“And so, the valuation in our eyes was very reasonable and it’s turned out to be an exceptional transaction for us and an exception transaction for the counter-party from the premium we paid,” he continued.

This philosophy also shows up in how Takeda’s partnership in gene therapy with TiGenix NVultimately evolved into an acquisition, Lippman said. (Also see "Takeda Secures TiGenix But Investor Shire Concerns Bubble Up" - Scrip, 8 Jun, 2018.) 

“We’re more than willing from an early stage all the way until late stage to be investing, working with companies in order to fund the ecosystem, give them access to our individuals to make their programs better and then go off and let them be great,” he explained. “And then, if that program continues to proceed, we both share in the upside potential of that. If at the right time, like we did with TiGenix, that program looks to be opportunistic for us to bring in house, we can go an M&A route to do so.”

Lippman added that the $62bn combination with Shire was a departure for Takeda in more ways than one. (Also see "Takeda Grabs Shire At Last After Long Pursuit" - Scrip, 8 May, 2018.) Not only was it a transformational M&A transaction for a company more comfortable with smaller, bolt-on deals, but it required significant financial creativity to be finalized, he said.

“It’s probably lost on some people, but Shire, that’s the first time a Japanese company issued shares to acquire a company ever,” the exec noted. “It’s the first time that a UK company received US dollar denominated interest in currency instead of British pounds for shares. We worked a particular type of exchange mechanism to make that transaction happen.”

CBER’s PDUFA VII Focus: Cell And Gene Therapy Staffing

The US FDA’s staffing need to deal with the influx of cell and gene therapies will be a topic for discussion in the next round of prescription drug user fee negotiations, Center for Biologics Evaluation and Research Director Peter Marks told BIO.

CBER’s cell and gene therapy workload is growing very quickly, Marks said during a 4 June FDA Town Hall. “I think as we move towards the next set of user fee agreements, we’re going to be trying to think creatively about how you have to think in real time about staffing up when you’re on a very steep part of the growth curve.”

The current iteration of the prescription drug user fee program (PDUFA VI) runs through September 2022.

A year ago, Marks predicted CBER would soon face a growth spurt to deal with the burgeoning product area. (Also see "US FDA's Biologics Center Director Expects It Soon Will See 'Growth Spurt'" - Pink Sheet, 2 Jul, 2018.) In January, the agency announced plans for the biologics center to add up to 50 new reviewers in the coming years. (Also see "Shutdown Bite Tightens At US FDA, But Gene Therapy To Get 50 More Reviewers" - Pink Sheet, 15 Jan, 2019.)

The FDA received more than 200 investigational new drug (IND) applications in 2018 for cell and gene therapies, almost double the number from 2017. Marks said the 2019 tally is likely to grow as well, perhaps by as much as 50%.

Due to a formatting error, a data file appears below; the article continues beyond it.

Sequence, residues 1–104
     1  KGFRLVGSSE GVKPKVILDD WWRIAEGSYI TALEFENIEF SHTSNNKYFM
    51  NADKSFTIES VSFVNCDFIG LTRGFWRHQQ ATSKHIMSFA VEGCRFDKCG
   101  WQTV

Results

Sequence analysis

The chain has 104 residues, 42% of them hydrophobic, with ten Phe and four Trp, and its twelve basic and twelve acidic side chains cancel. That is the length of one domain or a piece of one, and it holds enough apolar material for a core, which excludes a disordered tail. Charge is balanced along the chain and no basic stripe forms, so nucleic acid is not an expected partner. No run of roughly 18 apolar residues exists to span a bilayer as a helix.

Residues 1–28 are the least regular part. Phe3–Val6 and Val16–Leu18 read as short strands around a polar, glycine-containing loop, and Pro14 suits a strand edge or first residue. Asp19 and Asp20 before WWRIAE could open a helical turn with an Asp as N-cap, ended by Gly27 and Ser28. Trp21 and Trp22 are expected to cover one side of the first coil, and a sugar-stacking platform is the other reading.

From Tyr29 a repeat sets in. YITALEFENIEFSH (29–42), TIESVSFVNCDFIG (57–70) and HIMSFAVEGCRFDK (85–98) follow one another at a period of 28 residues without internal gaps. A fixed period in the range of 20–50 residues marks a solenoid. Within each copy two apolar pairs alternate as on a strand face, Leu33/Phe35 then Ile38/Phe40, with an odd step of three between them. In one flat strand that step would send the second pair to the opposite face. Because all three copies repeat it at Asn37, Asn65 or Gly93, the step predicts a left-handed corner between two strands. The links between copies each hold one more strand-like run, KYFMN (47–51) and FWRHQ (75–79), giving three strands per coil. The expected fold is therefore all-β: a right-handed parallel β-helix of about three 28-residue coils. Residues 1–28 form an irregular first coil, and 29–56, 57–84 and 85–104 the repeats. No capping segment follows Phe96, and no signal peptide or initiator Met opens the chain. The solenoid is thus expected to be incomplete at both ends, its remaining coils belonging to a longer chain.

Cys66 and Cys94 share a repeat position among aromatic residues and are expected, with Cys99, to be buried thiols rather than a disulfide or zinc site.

“I could easily see needing to staff up by 50% in the next two years over our current levels because of the growth.” – FDA’s Peter Marks

He compared CBER’s current workload in the emerging area to the early phase of bacterial growth, “when the shaker flask is still clear but you know the bacteria are still growing, and then in about an hour later it turns really cloudy. We’re at the point where we kind of know that within one-to-two years it’s going to be really cloudy in the shaker flask, and so we have to figure out a way to get people on board.”

Proactively hiring ahead of the deluge is important to ensure adequate time to get new staff up and running, Marks said.

BIO_FDATownHall 

 

JANET WOODCOCK, PETER MARKS AND ALNYLAM CEO JOHN MARAGANORE AT THE FDA TOWN HALL

It takes one-to-two years to train new employees so that they can handle a meeting with a sponsor seeking development advice, Marks pointed out. “We want the people meeting with you to be giving you good advice and tell you the right answers,” he said. “It takes a little while to train them to get there. That means we’re going to have to figure out a way to start bringing people on board, and it may mean that initially we might seem a little overstaffed.”

In addition to the increasing IND load, it’s only a matter of time before some of those INDs start turning into biologics license applications, “which are large review issues because then we’re reviewing the chemistry, manufacturing and controls portions of these files,” Marks said.

“We’re going to be having to really bulk up there, so it will be a challenge,” he said. “I think we’ll have to think proactively. I could easily see needing to staff up by 50% in the next two years over our current levels because of the growth.”

Marks made a pitch for people currently working in industry to considering joining the FDA staff.

“We value the people we get from academics, from graduate programs,” he told the audience. “It’s just that it takes us longer to get those people up to speed. Industry people tend, I’d say in this area, to come up to speed a little bit faster.”

The Aerobic Benefits Of BIO 2019 Continue

In our day one Notebook, we noted that the layout of the Pennsylvania Convention Center, which crosses over and includes meeting rooms on both sides of 13thStreet, created some confusion for delegates and caused some delays in getting to scheduled appointments and meetings. (Also see "BIO 2019 Notebook: Merck; Out-Licensing Deals; RMAT" - Scrip, 3 Jun, 2019.)

We suppose there is another way to look at it, however. Attendees confirmed during day two of the meeting on 4 June that they were getting an excellent workout from walking from session to session – one delegate who normally works from home even enthused that she had met her daily steps goal on her Fitbit during the first day of BIO 2019.